Guest Author · December 2nd, 2009 Thanks to Atlas Venture for supporting Venture Hacks this month. This post is by Fred Destin, one of Atlas’ general partners. Just Say No: VC terms that can really hurt
Just Say No: VC terms that can really hurt (Part 2) - Venture Ha Guest Author · December 9th, 2009 Thanks to Atlas Venture for supporting Venture Hacks this month. This post is by Fred Destin, one of Atlas’ general partners. If you like it, check out Fred’s blog and tweets @fdestin. And if you want an intro to Atlas, send me an email. I’ll put you in touch if there’s a fit.
I usually tell people that everything I learned about being an entrepreneur I learned by F’ing up at my first company. I think the sign of a good entrepreneur is the ability to spot your mistakes, correct quickly and not repeat the mistakes. I made plenty of mistakes. Below are some of the lessons I learned along the way. If there’s a link on a title below I’ve written the post, if not I plan to.
Founders, Ownership and Prenuptials Yesterday I wrote a blog post in which I urged people to not have too many founders. Best case scenario in my mind is just 1, but at most I recommend 2. I knew this topic would be controversial because when I tell people this in person it always elicits shock. To be clear – it is not about being stingy with or hoarding equity – it is about having a prenuptial agreement. Let me give you some scenarios that do happen in real life: You start a company 50/50 with a good friend.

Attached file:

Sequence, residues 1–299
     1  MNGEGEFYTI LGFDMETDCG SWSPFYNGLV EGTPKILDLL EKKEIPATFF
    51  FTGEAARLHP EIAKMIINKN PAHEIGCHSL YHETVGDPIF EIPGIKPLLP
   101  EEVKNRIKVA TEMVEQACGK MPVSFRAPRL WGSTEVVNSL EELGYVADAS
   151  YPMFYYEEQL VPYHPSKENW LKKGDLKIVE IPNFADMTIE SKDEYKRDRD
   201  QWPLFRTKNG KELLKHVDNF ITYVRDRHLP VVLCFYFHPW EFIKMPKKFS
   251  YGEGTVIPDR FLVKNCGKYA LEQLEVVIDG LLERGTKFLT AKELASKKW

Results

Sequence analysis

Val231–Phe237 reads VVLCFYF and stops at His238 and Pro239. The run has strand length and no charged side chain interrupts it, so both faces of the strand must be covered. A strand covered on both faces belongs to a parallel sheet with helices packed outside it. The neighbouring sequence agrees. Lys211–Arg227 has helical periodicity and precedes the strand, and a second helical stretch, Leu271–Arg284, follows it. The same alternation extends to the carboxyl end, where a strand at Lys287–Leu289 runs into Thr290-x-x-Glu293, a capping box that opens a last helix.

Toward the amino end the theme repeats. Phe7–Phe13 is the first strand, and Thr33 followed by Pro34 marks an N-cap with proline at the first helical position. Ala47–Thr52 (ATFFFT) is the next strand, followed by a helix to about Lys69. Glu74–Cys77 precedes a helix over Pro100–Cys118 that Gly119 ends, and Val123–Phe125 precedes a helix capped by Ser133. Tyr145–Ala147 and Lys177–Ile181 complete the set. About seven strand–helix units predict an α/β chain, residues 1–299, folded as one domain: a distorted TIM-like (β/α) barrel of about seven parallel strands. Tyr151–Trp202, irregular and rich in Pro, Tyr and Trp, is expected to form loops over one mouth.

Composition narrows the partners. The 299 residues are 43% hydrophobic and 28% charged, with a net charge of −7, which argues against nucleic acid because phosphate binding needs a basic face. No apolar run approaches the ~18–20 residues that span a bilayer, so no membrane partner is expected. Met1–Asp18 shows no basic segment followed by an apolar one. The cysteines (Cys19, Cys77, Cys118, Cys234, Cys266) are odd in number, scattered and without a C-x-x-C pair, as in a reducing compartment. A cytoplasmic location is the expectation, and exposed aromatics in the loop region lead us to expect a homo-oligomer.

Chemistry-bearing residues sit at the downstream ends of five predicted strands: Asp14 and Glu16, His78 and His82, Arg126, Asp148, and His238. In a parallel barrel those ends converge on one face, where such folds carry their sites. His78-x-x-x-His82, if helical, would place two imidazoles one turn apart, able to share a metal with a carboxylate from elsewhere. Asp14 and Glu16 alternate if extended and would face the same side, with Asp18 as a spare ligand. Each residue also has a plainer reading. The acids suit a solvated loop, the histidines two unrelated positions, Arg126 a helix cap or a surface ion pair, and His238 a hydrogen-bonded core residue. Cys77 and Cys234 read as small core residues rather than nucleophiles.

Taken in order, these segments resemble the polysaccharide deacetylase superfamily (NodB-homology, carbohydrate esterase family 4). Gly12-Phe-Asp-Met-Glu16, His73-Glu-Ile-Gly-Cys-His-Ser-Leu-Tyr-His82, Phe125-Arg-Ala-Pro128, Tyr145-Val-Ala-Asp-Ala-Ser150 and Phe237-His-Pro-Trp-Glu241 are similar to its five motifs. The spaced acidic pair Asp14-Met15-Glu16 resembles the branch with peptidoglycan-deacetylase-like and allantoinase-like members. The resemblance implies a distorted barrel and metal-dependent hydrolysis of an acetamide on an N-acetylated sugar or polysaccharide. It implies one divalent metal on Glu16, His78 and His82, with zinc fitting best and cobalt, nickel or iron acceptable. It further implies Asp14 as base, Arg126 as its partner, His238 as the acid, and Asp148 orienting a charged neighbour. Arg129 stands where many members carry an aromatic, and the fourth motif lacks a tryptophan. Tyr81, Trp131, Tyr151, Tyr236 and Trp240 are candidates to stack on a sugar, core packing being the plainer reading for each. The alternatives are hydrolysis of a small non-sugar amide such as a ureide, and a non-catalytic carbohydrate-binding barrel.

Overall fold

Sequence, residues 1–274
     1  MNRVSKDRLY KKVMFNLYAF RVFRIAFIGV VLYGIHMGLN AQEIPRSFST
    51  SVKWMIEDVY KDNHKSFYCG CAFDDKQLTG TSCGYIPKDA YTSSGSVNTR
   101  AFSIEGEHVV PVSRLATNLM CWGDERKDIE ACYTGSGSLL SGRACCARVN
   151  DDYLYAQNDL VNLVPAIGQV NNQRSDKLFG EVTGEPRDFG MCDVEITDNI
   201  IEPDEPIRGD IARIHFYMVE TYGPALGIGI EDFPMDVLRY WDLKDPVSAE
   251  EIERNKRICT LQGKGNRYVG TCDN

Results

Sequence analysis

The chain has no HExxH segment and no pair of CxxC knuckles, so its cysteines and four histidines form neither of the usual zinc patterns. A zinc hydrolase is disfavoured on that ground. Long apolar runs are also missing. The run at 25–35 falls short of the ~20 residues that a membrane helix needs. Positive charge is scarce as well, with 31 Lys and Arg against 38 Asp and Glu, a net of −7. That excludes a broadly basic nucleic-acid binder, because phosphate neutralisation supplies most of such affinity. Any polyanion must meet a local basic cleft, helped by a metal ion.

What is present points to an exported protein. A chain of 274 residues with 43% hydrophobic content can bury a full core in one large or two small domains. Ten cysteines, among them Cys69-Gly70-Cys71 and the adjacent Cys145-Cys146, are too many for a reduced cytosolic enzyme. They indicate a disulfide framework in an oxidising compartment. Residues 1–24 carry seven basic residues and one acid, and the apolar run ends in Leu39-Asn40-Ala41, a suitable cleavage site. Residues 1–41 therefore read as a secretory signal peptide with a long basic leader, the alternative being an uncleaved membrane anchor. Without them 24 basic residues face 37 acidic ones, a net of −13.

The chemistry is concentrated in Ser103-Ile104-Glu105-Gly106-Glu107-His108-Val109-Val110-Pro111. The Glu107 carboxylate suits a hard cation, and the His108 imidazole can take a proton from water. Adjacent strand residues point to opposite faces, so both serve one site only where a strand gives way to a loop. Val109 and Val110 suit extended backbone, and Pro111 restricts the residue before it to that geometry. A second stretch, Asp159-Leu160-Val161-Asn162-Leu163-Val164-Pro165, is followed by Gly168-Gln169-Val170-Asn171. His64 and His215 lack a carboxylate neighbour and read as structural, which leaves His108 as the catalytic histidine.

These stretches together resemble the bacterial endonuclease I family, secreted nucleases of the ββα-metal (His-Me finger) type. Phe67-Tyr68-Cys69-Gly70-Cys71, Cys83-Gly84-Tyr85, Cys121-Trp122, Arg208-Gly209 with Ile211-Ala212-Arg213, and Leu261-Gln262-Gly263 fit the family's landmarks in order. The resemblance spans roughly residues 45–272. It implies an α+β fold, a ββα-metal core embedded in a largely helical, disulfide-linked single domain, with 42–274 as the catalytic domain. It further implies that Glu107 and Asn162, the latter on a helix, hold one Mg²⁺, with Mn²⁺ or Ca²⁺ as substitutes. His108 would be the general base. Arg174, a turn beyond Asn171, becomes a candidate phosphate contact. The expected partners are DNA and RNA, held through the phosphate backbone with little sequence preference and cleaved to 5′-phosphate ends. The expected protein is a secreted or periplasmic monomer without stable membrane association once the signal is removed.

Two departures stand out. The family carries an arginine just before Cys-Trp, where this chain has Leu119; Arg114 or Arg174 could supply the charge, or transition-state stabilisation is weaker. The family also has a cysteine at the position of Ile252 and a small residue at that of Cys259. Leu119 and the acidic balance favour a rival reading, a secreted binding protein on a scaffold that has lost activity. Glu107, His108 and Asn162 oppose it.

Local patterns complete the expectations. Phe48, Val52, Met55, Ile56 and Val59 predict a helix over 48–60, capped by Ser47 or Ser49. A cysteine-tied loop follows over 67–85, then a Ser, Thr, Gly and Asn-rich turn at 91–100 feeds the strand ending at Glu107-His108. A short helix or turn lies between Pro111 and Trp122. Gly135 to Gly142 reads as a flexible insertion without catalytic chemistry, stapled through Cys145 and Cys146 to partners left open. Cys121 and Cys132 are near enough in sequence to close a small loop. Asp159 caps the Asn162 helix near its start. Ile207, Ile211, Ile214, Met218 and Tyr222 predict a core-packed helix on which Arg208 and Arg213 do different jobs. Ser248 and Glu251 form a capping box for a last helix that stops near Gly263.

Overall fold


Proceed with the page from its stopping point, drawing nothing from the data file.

This is part of my ongoing series of posts and I need to file this one under both Raising Venture Capital and Startup Advice. I remember going to an Under the Radar conference in 2006 in the heat of the Web 2.0 craze. There were tons of young entrepreneurs showing their latest Web 2.0 wares. Ajax was the new buzzword and many companies went overboard. People mistook extra doses of Ajax for a successful product. Unfortunately this was reinforced by the many conferences that rushed to espouse the benefits of Web 2.0 and the subsequent acquisition sprees of companies like Google, Yahoo! Are Business Plans Still Necessary?
This is part of my ongoing series Startup Advice. This is a story of one of the risks of venture capital. When you’re an early-stage startup that hasn’t raised any institutional money you end up doing almost every job function of the company yourself. But some companies have entrepreneurs that seem talented on paper, are in a space that seems interesting to investors and are able to raise venture capital early in the company’s existence. This can often happen when there is a good product built but no real customer adoption yet. Startup Founders Should Flip Burgers